There was a time when I firmly believed two things: one, I’d ride around the world. Two, I’d only return home if and when I choose to, rather than have a defined end date to the said RTW. The latter hasn’t changed, but the former had gone wrong… completely.
The big idea was to leave the US, ride south to Argentina, ship the bike to Vladivostok, and carry on riding West until I hit Europe, then turn South and ride around Africa. After that, perhaps Australia or Europe to India; all in all, though, it was to be a circumnavigation with a plan to ride every single continent out there. Adventure travel was the means and the goal, the DR650 the preferred mode of transport, and the plot to ride round the world made perfect sense.
Somewhere along the way, however, it had all changed completely, and while I still live on the road, circumnavigating the world seems completely irrelevant. While I still want to ride all the continents, the exact order of said continents or the general direction has changed, too.
Here is why.
Riding Round the World vs Riding the World
Circumnavigation of the planet by motorcycle is no small feat, and hats off to all the riders who have accomplished this. It takes commitment and determination, and, whether it takes a year, two years, or five, as I’d planned, it’s a big undertaking. The thing I’ve come to realize, though, is that for me, it doesn’t really matter whether it’s literally around the world, diagonally through it, or a zigzag from the Northern Hemisphere to the South and back; equally, it turns out, I’m not that invested in riding every single continent including Antarctica or every single country including Greenland. I’m not that bothered what the entire journey will shape into, how long it’s all going to take, and where I’ll end up. All I know is that I want to ride everywhere for as long as I’m able to, and the rest doesn’t matter. As long as there are roads to ride, places to see, and rallies to race, the exact route isn’t important.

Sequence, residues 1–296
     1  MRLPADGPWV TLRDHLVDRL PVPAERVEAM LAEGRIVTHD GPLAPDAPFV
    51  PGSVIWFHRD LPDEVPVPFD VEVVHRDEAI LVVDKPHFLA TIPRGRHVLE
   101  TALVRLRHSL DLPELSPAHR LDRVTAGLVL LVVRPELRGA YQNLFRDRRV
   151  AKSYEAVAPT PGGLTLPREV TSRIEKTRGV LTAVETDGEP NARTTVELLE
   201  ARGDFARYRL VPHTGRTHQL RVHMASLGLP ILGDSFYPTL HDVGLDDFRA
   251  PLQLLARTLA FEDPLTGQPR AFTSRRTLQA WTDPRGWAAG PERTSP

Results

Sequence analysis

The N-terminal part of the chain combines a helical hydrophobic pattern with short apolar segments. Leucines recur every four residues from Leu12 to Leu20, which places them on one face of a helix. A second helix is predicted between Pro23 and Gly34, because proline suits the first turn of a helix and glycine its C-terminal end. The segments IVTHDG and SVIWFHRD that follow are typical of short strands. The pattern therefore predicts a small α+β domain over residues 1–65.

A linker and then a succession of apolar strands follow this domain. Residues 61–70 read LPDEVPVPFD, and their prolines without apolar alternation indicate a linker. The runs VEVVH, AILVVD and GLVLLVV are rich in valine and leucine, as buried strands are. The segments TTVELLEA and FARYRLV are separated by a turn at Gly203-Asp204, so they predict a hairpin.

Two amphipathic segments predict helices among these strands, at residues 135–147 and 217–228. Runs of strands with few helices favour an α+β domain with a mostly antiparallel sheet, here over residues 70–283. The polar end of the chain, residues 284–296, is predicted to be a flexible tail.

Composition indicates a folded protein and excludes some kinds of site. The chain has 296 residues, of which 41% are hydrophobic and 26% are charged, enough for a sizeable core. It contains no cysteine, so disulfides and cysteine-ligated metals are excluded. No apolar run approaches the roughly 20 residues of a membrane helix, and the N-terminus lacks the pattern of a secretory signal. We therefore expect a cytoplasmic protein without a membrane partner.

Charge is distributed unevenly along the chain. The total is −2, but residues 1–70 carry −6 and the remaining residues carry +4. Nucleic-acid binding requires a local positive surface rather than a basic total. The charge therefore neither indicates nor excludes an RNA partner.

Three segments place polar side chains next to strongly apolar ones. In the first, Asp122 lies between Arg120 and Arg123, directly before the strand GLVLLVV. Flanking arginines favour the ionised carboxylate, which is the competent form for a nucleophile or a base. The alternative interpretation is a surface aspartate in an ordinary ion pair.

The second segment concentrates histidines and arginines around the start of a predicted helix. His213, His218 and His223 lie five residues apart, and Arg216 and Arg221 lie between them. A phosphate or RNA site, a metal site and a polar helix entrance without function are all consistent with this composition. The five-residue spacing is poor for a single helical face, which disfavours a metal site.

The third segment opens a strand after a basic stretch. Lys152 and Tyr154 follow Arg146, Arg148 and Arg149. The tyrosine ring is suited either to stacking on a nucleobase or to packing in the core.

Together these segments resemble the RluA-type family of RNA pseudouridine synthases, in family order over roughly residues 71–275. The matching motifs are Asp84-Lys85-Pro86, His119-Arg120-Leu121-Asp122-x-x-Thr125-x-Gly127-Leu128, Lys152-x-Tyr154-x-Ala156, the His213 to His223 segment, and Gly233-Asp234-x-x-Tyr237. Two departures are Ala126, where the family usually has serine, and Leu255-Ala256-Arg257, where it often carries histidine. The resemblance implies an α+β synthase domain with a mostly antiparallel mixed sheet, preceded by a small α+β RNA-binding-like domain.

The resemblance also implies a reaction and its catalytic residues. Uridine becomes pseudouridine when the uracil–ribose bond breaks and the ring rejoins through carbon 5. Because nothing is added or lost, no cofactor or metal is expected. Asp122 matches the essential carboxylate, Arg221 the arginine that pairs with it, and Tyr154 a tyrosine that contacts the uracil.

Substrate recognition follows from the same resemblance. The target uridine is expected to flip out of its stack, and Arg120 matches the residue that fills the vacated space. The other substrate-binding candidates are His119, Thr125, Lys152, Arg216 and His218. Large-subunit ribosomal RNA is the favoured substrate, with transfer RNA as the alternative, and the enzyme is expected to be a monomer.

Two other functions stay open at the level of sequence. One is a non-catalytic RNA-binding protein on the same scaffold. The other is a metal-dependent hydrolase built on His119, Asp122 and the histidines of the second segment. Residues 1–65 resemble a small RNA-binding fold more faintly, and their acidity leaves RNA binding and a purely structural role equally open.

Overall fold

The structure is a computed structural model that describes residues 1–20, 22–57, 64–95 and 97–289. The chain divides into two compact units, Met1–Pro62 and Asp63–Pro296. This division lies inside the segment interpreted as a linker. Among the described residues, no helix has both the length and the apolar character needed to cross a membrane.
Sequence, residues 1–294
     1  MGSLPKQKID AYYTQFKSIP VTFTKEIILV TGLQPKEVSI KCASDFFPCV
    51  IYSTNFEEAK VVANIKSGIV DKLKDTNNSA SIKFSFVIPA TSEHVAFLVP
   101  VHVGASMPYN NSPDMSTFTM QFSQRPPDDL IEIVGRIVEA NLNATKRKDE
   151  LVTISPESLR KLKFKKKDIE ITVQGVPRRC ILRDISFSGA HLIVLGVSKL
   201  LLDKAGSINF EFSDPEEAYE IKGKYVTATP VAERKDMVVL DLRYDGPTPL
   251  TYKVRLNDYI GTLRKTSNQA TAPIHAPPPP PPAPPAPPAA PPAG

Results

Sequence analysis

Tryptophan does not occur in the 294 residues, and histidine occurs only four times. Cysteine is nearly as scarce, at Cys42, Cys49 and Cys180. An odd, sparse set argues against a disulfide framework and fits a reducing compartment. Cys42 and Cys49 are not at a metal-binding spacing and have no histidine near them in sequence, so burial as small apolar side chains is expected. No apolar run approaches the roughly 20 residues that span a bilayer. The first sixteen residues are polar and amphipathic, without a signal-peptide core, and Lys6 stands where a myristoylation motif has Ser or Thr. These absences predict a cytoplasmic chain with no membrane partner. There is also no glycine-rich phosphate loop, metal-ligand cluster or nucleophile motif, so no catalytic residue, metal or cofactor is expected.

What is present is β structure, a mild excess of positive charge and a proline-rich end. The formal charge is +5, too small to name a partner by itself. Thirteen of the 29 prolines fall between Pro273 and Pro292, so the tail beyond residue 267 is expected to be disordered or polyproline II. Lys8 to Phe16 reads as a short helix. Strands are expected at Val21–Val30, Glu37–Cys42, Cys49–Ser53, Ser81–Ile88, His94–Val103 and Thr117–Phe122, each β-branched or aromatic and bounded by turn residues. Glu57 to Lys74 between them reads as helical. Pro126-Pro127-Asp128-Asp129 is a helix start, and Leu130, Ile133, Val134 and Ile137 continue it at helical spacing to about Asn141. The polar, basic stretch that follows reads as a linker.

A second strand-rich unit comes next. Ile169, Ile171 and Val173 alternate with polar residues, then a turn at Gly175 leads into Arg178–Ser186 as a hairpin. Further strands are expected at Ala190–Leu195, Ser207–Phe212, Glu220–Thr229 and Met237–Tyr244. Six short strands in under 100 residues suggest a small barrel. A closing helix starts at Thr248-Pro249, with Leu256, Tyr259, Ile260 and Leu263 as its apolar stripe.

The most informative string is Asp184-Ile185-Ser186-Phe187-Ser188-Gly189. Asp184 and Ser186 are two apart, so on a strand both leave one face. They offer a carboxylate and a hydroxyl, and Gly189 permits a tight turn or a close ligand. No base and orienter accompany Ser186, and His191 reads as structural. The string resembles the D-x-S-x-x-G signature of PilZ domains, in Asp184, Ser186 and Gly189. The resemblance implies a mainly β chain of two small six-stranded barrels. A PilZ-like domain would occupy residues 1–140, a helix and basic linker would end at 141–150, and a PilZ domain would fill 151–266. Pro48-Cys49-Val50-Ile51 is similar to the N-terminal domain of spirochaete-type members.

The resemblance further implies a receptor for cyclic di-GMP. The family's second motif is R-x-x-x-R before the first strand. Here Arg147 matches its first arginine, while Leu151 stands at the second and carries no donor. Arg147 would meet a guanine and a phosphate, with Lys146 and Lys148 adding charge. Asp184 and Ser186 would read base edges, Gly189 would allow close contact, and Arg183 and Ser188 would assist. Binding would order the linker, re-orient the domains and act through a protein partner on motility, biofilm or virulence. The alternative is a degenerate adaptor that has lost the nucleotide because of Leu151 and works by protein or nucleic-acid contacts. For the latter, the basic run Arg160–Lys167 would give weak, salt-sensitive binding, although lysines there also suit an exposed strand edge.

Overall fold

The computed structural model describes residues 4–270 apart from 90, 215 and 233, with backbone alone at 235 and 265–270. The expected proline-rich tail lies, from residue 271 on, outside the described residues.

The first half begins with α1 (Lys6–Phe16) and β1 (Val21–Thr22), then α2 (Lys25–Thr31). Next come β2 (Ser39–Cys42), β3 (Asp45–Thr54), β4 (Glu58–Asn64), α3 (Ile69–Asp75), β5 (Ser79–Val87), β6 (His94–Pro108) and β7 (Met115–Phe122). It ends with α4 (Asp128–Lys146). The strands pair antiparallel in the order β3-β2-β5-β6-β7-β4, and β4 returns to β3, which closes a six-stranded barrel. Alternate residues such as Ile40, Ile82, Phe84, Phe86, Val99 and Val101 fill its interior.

ADV vs Rally
During the first couple of years, ADV travel is exhilarating. Traveling wherever you feel like, riding new countries, and meeting new people is so exciting you can’t ever imagine doing anything else.
By year five or six, however, something of a routine starts to set in. On the road (or off the road), life becomes just life, even if you’re in perpetual motion on two wheels. Countries and borders start to seem more and more alike, the riding itself – even when there’s a lot of dirt – is more or less the same, and the going gets a little monotonous, even when it’s broken up by all sorts of unexpected things. Come to think of it, the unexpected starts to become somewhat expected, too; another rainy season flood forcing a thousand-mile detour, another botched border crossing, another bike breakdown – all becomes the new norm rather than something adrenaline-inducing.
That’s why, having found myself in a bit of a rut traveling South America, I became so fascinated by the Dakar and, later on, amateur rally racing.
Breaking up the travels with some races here and there became the new goal, despite me being a very mediocre rider with no illusions of ever winning a rally or achieving any significant sporting result. Rally racing is a way to spice up the ADV in a different way, and increasingly, it’s becoming a part of the adventure.
After leaving South America and coming to Europe for the amateur races, I hoped to ride here for a year, then head East across Central Asia and into Mongolia. Then, the pandemic hit, and all plans came into nothing; now, as the land borders are opening again, the new big idea is shipping the bike to South Africa and riding back North via the West Coast, hopefully hitting some local races along the way. Come September, though, there may be new pandemic-related restrictions in place, and the plan may change once again sneaking into Turkey and Iran towards India rather than shipping to Cape Town after all. Once again, absolutely nothing is certain, and if I had a strict plan, an exact route, and a defined goal, this would be a problem. As it is, however, it hardly matters at all.
If the contours of a vision are so blurry you can’t quite make out the shape anymore, is it still a vision, or merely a mirage? Time will tell: for now, it’s about making the best out of a European summer with several rally races ahead. Come fall, it may be something completely different altogether.
Either way, the world awaits.